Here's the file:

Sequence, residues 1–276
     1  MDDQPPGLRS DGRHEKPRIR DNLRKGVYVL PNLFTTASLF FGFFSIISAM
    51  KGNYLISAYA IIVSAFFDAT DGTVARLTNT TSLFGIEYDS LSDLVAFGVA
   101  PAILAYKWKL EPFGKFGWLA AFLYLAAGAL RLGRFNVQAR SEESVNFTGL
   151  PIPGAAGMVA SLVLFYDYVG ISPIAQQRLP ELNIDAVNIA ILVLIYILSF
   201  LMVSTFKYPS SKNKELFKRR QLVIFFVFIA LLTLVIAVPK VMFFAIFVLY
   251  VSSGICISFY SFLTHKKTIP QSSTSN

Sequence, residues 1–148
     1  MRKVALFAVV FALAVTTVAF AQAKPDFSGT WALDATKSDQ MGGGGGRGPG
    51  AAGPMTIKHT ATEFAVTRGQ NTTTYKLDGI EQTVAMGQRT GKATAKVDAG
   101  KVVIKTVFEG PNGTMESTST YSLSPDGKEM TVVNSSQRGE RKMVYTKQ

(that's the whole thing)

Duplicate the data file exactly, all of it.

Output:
Sequence, residues 1–276
     1  MDDQPPGLRS DGRHEKPRIR DNLRKGVYVL PNLFTTASLF FGFFSIISAM
    51  KGNYLISAYA IIVSAFFDAT DGTVARLTNT TSLFGIEYDS LSDLVAFGVA
   101  PAILAYKWKL EPFGKFGWLA AFLYLAAGAL RLGRFNVQAR SEESVNFTGL
   151  PIPGAAGMVA SLVLFYDYVG ISPIAQQRLP ELNIDAVNIA ILVLIYILSF
   201  LMVSTFKYPS SKNKELFKRR QLVIFFVFIA LLTLVIAVPK VMFFAIFVLY
   251  VSSGICISFY SFLTHKKTIP QSSTSN

Sequence, residues 1–148
     1  MRKVALFAVV FALAVTTVAF AQAKPDFSGT WALDATKSDQ MGGGGGRGPG
    51  AAGPMTIKHT ATEFAVTRGQ NTTTYKLDGI EQTVAMGQRT GKATAKVDAG
   101  KVVIKTVFEG PNGTMESTST YSLSPDGKEM TVVNSSQRGE RKMVYTKQ